John Jay (founder)Providence has given to our people the choice of their rulers, and it is the duty, as well as the privilege and interest of our Christian nation, to select and prefer Christians for their rulers. The Americans are the first people whom Heaven has favored with an opportunity of deliberating upon and choosing the forms of government under which they should live.

William Paterson (signer of the Constitution)When the righteous rule, the people rejoice; when the wicked rule, the people groan.

Noah Webster (lexicographer and political writer)In selecting men for office, let principle be your guide. Regard not the particular sect or denomination of the candidate – look to his character as a man of known principle, of tried integrity, and undoubted ability for the office … Scriptures teach …they direct that rulers should be men who rule in the fear of God, able men, such as fear God, men of truth, hating covetousness. When a citizen gives his suffrage to a man of known immorality he abuses his trust; he sacrifices not only his own interest, but that of his neighbor, he betrays the interest of his country.

When you become entitled to exercise the right of voting for public officers, let it be impressed on your mind that God commands you to choose for rulers, “just men who will rule in the fear of God.” The preservation of government depends on the faithful discharge of this duty; if the citizens neglect their duty and place unprincipled men in office, the government will soon be corrupted; laws will be made, not for the public good so much as for selfish or local purposes; corrupt or incompetent men will be appointed to execute the laws; the public revenues will be squandered on unworthy men; and the rights of the citizens will be violated or disregarded. If a republican government fails to secure public prosperity and happiness, it must be because the citizens neglect the divine commands, and elect bad men to make and administer the laws.

John Witherspoon (minister and signer of the Declaration of Independence)—Those who wish well to the State ought to choose to places of trust men of inward principle, justified by exemplary conversation. . . [And] the people in general ought to have regard to the moral character of those whom they invest with authority either in the legislative, executive, or judicial branches.

Vote! Vote! Vote! Vote at every opportunity including seemingly minor local offices. Vote thoughtfully after careful consideration of the record of each candidate and his/her specifically clarified views. Do not fail to vote; do not vote frivolously.

Broken Character Will Break America, Unless…

President James GarfieldNow more than ever the people are responsible for the character of their Congress. If that body be ignorant, reckless, and corrupt, it is because the people tolerate ignorance, recklessness, and corruption. If it be intelligent, brave, and pure, it is because the people demand these high qualities to represent them in the national legislature. . . . [I]f the next centennial[1976] does not find us a great nation . . . it will be because those who represent the enterprise, the culture, and the morality of the nation do not aid in controlling the political forces.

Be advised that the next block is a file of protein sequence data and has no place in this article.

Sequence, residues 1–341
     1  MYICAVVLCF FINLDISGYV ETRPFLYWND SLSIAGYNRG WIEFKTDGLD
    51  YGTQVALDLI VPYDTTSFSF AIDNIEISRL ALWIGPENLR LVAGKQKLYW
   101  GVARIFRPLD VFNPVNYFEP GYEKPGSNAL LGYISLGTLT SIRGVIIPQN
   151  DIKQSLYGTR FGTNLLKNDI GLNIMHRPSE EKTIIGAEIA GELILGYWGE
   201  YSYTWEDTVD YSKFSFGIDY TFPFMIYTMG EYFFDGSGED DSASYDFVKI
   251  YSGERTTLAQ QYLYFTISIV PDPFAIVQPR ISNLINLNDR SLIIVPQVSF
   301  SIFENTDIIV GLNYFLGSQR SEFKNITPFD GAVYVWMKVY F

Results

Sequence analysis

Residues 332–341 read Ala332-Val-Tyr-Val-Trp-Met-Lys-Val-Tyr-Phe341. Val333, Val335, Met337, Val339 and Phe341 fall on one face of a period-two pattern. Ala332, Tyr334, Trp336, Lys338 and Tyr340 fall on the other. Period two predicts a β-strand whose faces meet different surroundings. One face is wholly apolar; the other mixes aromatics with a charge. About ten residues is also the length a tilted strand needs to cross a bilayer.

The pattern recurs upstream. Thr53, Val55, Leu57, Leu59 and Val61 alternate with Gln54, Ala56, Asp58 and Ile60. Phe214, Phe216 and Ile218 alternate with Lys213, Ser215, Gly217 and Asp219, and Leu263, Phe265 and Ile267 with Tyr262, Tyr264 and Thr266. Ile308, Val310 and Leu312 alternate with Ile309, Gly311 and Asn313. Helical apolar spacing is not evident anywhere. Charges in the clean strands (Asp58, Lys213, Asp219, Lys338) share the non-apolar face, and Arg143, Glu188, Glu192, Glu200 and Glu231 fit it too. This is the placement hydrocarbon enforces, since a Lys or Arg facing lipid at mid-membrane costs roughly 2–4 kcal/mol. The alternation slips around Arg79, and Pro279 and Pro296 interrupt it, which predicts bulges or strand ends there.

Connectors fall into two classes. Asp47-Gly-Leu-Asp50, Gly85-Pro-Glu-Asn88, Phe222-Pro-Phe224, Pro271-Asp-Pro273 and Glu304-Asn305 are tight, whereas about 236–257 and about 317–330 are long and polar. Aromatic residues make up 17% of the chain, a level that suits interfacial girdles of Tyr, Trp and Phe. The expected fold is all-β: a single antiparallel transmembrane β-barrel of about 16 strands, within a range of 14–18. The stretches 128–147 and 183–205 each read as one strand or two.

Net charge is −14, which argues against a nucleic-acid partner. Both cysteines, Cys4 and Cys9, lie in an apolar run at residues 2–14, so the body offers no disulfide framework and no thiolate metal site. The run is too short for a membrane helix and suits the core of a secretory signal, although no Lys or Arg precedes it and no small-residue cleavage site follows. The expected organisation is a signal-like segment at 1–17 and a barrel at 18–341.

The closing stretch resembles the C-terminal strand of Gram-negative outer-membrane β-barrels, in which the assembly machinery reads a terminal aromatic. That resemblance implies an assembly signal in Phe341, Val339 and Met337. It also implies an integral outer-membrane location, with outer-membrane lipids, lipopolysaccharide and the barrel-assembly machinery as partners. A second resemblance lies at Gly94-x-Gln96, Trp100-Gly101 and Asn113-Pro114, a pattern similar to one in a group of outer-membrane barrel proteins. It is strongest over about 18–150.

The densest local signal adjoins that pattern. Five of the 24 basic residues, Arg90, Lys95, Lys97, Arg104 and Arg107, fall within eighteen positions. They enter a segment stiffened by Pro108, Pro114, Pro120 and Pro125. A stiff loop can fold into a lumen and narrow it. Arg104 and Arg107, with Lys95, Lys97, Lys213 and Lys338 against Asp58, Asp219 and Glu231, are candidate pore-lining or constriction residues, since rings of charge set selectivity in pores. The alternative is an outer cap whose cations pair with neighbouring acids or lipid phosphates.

Francis Grimke (Presbyterian minister and civil rights activist, 1852-1937)If the time ever comes when we shall go to pieces, it will . . . be . . . from inward corruption – from the disregard of right principles . . . from losing sight of the fact that “Righteousness exalteth a nation, but that sin is a reproach to any people” [Proverbs 14:34]. . .[T]he secession of the Southern States in 1860 was a small matter with the secession of the Union itself from the great principles enunciated in the Declaration of Independence, in the Golden Rule, in the Ten Commandments, in the Sermon on the Mount. Unless we hold, and hold firmly to these great fundamental principles of righteousness. . . our Union . . . will be “only a covenant with death and an agreement with hell.”

William Penn (founder of Pennsylvania)Governments, like clocks, go from the motion men give them; and as governments are made and moved by men, so by them they are ruined too. Wherefore governments rather depend upon men than men upon governments. Let men be good and the government cannot be bad. . . . But if men be bad, let the government be never so good, they will endeavor to warp and spoil it to their turn. . .[T]hough good laws do well, good men do better; for good laws may want [lack] good men and be abolished or invaded by ill men; but good men will never want good laws nor suffer [allow] ill ones.

Vote! Vote! Vote! Vote at every opportunity including seemingly minor local offices. Vote thoughtfully after careful consideration of the record of each candidate and his/her specifically clarified views. Do not fail to vote; do not vote frivolously.